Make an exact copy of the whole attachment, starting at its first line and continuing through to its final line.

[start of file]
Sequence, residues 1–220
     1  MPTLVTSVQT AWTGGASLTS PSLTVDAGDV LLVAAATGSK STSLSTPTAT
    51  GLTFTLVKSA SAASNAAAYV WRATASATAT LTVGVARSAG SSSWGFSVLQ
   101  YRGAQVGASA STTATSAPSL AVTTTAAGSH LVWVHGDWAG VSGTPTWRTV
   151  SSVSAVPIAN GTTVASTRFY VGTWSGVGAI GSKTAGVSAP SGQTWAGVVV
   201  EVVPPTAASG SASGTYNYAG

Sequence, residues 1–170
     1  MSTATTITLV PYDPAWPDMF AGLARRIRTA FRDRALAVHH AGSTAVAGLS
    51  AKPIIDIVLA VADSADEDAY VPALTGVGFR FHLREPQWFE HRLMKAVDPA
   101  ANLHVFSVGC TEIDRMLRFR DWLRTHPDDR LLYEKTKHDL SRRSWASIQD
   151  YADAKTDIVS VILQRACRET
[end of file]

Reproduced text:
Sequence, residues 1–220
     1  MPTLVTSVQT AWTGGASLTS PSLTVDAGDV LLVAAATGSK STSLSTPTAT
    51  GLTFTLVKSA SAASNAAAYV WRATASATAT LTVGVARSAG SSSWGFSVLQ
   101  YRGAQVGASA STTATSAPSL AVTTTAAGSH LVWVHGDWAG VSGTPTWRTV
   151  SSVSAVPIAN GTTVASTRFY VGTWSGVGAI GSKTAGVSAP SGQTWAGVVV
   201  EVVPPTAASG SASGTYNYAG

Sequence, residues 1–170
     1  MSTATTITLV PYDPAWPDMF AGLARRIRTA FRDRALAVHH AGSTAVAGLS
    51  AKPIIDIVLA VADSADEDAY VPALTGVGFR FHLREPQWFE HRLMKAVDPA
   101  ANLHVFSVGC TEIDRMLRFR DWLRTHPDDR LLYEKTKHDL SRRSWASIQD
   151  YADAKTDIVS VILQRACRET